The quantum mind theory is a belief that large-scale quantum coherence
is necessary to understand the mind and brain.
This is very much a minority opinion, although it does have the support
of the well-known mathematical physicist Roger Penrose. Other proponents
include Stuart Hameroff, Subhash Kak, Karl Pribram, and Henry Stapp. The
argument for the quantum mind is that classical mechanics cannot explain
It also has the support of Brian Flanagan and Michael Lockwood.
The main argument against the quantum mind is that the brain is warm,
wet and noisy and that the structures of the brain are much too large
for quantum mechanics to be important. Consequently, it is difficult for
coherent quantum states to form for very long in the brain, and impossible
for them to exist at scales on the order of the size of neurons. These
issues have led Penrose to argue that consciousness is not a consequence
of interactions between neurons in the brain but arises as from microtubules
within cells, which are much smaller and for which quantum effects could
be significant. This was originally the theory of Stuart Hameroff.
On the other hand, a system does not cease to be quantum because it is
wet and noisy. And then, what was previously dismissed as "noise"
in the brain has recently been discovered to be complex signals.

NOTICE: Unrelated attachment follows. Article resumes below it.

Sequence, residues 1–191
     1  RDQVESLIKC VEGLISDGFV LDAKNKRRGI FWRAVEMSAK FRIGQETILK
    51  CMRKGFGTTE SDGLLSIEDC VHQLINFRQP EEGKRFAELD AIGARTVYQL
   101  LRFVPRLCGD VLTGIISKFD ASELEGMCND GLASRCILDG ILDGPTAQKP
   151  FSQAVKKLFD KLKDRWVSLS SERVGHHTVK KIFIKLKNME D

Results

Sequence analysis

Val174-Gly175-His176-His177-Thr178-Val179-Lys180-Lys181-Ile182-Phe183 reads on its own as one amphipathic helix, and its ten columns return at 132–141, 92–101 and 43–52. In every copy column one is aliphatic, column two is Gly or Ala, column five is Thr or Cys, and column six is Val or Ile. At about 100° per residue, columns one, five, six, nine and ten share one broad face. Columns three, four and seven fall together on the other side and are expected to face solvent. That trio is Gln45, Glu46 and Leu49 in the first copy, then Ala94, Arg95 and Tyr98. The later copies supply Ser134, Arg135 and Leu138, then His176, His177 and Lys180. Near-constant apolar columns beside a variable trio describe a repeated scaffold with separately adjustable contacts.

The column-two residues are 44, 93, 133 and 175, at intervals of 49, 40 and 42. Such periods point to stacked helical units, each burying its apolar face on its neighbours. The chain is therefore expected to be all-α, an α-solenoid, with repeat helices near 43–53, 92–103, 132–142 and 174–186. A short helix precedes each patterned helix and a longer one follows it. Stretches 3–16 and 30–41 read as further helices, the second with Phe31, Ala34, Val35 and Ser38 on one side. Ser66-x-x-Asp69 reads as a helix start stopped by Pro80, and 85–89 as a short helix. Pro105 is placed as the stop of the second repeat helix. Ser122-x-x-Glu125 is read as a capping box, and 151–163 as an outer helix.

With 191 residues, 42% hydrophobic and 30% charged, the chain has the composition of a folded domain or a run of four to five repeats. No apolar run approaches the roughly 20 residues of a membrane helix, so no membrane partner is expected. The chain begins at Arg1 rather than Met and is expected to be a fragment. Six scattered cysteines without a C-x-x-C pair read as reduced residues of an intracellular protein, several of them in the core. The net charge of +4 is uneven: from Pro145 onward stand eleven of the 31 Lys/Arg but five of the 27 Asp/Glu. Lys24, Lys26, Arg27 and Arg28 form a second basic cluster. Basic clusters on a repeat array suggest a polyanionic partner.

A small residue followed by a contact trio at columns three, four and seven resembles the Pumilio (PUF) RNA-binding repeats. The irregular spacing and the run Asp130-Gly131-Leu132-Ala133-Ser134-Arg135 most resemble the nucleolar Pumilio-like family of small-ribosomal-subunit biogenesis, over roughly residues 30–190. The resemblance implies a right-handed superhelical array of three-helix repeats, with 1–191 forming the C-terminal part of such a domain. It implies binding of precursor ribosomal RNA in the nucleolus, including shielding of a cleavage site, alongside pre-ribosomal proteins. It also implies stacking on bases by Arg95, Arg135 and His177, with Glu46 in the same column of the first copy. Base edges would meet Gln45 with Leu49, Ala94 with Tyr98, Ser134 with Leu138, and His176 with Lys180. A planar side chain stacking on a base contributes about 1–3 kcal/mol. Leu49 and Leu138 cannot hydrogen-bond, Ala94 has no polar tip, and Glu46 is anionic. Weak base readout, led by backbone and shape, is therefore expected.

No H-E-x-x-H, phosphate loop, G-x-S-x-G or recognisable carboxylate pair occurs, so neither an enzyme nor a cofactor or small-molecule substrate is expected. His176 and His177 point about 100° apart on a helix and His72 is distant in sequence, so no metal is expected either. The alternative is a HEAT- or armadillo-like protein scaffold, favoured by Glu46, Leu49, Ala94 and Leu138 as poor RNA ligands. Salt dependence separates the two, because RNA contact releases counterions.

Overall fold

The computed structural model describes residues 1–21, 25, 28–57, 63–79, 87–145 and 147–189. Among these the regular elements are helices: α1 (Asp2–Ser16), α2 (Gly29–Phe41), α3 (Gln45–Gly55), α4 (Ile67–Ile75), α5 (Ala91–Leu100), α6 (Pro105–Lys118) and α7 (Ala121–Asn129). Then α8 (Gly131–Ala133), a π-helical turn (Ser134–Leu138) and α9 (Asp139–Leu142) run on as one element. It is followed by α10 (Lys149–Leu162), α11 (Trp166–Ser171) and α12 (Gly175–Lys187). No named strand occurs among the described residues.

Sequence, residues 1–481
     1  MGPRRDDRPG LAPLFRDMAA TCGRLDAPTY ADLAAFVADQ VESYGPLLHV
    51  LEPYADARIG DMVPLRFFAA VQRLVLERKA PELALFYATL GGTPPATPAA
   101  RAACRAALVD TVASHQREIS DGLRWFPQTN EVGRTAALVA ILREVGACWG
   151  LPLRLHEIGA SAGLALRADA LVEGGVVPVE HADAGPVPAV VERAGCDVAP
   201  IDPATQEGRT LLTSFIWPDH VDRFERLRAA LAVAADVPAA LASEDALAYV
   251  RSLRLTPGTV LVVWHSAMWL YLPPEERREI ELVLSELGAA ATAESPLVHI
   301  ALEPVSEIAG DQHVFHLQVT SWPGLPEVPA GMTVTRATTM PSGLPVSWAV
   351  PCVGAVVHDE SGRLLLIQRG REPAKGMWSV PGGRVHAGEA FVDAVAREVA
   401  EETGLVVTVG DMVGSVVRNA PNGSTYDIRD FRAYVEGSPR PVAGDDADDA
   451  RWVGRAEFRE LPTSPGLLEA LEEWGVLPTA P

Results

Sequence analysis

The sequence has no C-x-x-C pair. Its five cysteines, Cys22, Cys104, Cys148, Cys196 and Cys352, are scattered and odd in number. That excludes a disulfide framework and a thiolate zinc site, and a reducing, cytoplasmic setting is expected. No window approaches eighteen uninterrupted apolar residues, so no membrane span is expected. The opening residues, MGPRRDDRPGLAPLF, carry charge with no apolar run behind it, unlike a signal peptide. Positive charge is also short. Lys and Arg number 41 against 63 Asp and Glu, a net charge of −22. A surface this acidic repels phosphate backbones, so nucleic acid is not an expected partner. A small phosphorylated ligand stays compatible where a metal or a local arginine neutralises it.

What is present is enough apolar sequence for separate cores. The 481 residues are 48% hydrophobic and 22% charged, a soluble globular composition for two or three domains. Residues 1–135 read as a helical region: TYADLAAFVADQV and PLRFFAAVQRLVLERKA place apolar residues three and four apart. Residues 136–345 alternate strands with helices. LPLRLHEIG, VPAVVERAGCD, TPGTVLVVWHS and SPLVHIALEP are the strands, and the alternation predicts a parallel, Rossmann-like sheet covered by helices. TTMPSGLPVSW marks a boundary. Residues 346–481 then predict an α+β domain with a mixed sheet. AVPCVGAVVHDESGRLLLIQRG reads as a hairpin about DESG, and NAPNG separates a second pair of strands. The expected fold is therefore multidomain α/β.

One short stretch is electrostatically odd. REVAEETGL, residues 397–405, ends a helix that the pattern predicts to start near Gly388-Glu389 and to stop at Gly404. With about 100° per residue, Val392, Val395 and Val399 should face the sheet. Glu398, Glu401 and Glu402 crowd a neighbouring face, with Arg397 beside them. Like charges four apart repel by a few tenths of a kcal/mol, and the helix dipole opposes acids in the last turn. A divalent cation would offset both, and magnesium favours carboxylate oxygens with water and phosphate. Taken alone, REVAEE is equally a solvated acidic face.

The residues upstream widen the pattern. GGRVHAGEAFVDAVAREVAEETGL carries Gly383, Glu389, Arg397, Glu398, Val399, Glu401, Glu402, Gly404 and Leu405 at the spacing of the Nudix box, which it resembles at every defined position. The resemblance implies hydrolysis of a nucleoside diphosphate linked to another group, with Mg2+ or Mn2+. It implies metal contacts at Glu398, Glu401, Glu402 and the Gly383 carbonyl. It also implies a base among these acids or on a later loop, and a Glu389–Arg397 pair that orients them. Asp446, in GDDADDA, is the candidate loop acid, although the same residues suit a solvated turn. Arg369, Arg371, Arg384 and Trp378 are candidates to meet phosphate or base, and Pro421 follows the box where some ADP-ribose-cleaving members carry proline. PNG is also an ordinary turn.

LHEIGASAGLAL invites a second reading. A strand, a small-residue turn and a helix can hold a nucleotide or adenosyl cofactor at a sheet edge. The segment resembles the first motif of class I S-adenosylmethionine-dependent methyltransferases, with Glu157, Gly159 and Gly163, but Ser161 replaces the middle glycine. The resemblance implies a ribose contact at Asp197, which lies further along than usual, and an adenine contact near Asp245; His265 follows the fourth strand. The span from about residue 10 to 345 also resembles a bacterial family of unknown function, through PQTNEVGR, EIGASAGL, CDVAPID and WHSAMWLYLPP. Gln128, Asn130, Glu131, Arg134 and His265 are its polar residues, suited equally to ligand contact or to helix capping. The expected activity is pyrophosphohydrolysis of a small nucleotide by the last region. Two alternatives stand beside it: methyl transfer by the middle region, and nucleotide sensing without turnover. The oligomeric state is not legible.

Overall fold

Then again, if the brain is fractal in character, it may well exhibit
sensitive dependence on initial (quantum) conditions. Given the fractal
character of dendritic arborizations, brain function may depend on self-similar
processes at lower spatio-temporal scales. Or, neural form follows quantum
function. If all matter consists of quantum fields, as Dyson makes explicit
in his Scientific American article on "Field Theory," (reference?)
then the brain is a collection of such fields.
This view is very different from conventional views of how the brain
works, in which neurons communicate via electric impulses which trigger
the release of neurotransmitters in the synapses. In the conventional
view of brain function, microtubules play no significant role in brain
function other than to provide structural support to the neurons. The
theory of the quantum mind has been criticized on a number of grounds.
For one, it fails to explain how chemicals and physical processes which
affect neuron functioning would cause generally predictable changes in
consciousness, whereas the conventional theory provides an explanation
for how psychoactive substances work and how the brain would react to
Lockwood, Stapp, and Flanagan have argued that the rich state space of
quantum theory easily accommodates the variety of perceptual state spaces,
whereas classical theory cannot.
Also, decoherence mechanisms such as emission of thermal radiation appear
to apply to large molecules such as microtubule protein subunits and synaptic
vesicle proteins, making quantum coherence on the scale proposed for quantum
mind theories unlikely.
Quantum theories of mind are among the few classes of theories acceptable
in the philosophical stances of pseudonomenalism and mind/brain identity
There is another type of quantum theory of mind called the many-minds
interpretation that is invoked as a conservative version of the many-worlds
interpretation of quantum theory and does not involve collapse of the
QM wave function.